Industrial Fire World - Blog - ITC unable to "isolate or stop" naphtha release that triggered Texas terminal fire in March, CSB update states

ITC unable to "isolate or stop" naphtha release that triggered Texas terminal fire in March, CSB update states

Simplified schematic showing ITC's butane blending system. The arrows in the figure show the butane flow direction and the naphtha product circulation path through the piping. Diagram courtesy of CSB.

A mechanical problem in the pump circulation system of an 80,000-barrel naphtha storage tank is suspected as the cause of the massive Intercontinental Terminals Company fire on the Houston Ship Channel in March, an update issued by the U.S. Chemical Safety Board states.

“The CSB is continuing to conduct its investigation of this incident,” the update states. “Components from the Tank 80-8 piping manifold were taken to a secure storage facility, where CSB completed an initial visual inspection of the piping and pump.”

Further testing is planned, the CSB update states.

A presentation on the ongoing investigation was made to the agency board today (Oct. 30) in a meeting held at the CSB offices in Washington, D.C.

The ITC Deer Park, TX, terminal fire took 77 hours to extinguish and burned its way through 10 storage tanks, the report states.

At the time of the fire the ITC Deer Park, TX, terminal contained 242 storage tanks with an overall capacity of 13.1 million barrels. At about 10 a.m. on March 17, 2019, a large fire erupted in the vicinity of Tank 80-8, an aboveground atmospheric storage tank surrounded by similar 80,000-barrel tanks in a tank farm known as the “First & Second 80’s.”

Tank 80-8 was leased to another company for naphtha storage and for naphtha-butane blending operations. The report outlines how ITC injected butane into the naphtha product using external piping and equipment to increase the octane level of the fuel product.

“ITC did not equip the Tank 80-8 piping manifold with emergency or remotely operated isolation valves,” CSB states. “Such isolation valves could stop an uncontrolled release if, for example, the pump or piping manifold were damaged.”

In the event of a major fire resulting from a leak near this equipment, neither ITC operators nor emergency responders could access the area to close these manually operated valves, the report states.

On the morning of March 17, the ITC distributed control system data indicates a series of unanticipated changes to the monitored pump operating pressures and tank volume. Pump discharge pressure fluctuated from 80 to 84 pounds per square inch. Consistent with these fluctuations, the recorded tank volume began to decrease steadily.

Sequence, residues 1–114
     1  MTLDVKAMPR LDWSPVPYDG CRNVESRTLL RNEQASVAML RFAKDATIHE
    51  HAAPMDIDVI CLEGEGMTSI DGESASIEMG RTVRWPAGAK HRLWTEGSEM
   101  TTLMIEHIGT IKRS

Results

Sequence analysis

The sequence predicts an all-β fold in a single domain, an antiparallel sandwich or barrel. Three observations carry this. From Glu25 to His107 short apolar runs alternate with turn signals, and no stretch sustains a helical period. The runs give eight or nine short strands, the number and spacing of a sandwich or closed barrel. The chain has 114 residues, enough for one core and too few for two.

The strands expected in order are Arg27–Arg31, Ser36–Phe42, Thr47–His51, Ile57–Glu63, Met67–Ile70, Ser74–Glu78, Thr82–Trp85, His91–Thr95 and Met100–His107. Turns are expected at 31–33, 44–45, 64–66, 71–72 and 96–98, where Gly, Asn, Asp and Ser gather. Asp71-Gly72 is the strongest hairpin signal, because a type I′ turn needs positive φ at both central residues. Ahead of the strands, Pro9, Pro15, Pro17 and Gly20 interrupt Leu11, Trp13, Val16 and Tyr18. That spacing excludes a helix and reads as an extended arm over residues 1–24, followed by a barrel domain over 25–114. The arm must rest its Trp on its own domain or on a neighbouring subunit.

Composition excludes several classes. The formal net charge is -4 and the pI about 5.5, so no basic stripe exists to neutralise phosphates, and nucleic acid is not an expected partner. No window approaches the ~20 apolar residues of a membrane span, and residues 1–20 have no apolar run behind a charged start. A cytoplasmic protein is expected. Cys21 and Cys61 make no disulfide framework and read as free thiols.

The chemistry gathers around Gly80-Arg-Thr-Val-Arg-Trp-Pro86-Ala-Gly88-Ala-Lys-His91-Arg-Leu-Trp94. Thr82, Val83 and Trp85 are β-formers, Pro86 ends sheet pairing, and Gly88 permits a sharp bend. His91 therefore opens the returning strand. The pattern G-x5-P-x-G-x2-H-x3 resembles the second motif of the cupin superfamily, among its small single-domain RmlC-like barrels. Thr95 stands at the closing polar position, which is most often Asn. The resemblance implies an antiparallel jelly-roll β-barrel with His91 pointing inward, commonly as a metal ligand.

“The reduction in tank level and volume that occurred as naphtha product released from Tank 80-8 did not trigger any alarms in the ITC control room,” the update states. “As a result, ITC personnel were unaware of the naphtha product release before the fire erupted.”

ITC was unable to stop or isolate the naphtha being released, so the fire continued to “rage and intensify,” CSB states. That evening an adjacent tank west of Tank 80-8 became fully involved in the fire with firefighting efforts by ITC Emergency Response Team and the Channel Industries Mutual Aid hindered by shifting winds.

By the morning of March 18, four more storage tanks were on fire, all located west of Tank 80-8, the report states. Two more storage tanks caught fire later that evening.

ITC reached out to a third-party emergency response services provider, US Fire Pump, for assistance in extinguishing the fire. Meanwhile, on the morning of March 19, responders on hand struggled with a temporary reduction in water pressure that allowed flame to spread to two more storage tanks.

“At approximately 6:48 a.m., US Fire Pump arrived on-scene,” the update states. “After completing an initial scene assessment, US Fire Pump developed a response plan, and commenced firefighting activities by around 1 p.m.”

By approximately 3:03 a.m. on March 20, ITC, with assistance from CIMA and US Fire Pump, successfully extinguished the tank farm fire. The fire never spread beyond the perimeter of the First & Second 80’s tank farm.

Firefighters continued to monitor the site closely. On March 22, a section of the tank farm dike wall failed, releasing a mixture of chemicals from the tanks, water and firefighting foam to the surrounding waterways. A small secondary fire erupted in the tank farm that afternoon but was extinguished within several hours.

The CSB update identified several other areas of interest to investigators. The CSB plans to identify potential naphtha product release points and ignition sources, determine why the naphtha product release was not detected prior to ignition and why the release was not isolated post-fire.

“The CSB will also look into the emergency response to determine why prolonged emergency response efforts were necessary to control and ultimately extinguish the fire,” the update states. “To accomplish this, the CSB still needs to collect additional emergency response evidence including various incident command records, photos, videos and drone footage.”

A detailed final report will be published at the conclusion of the investigation, which will include additional information, analysis, findings and safety recommendations.

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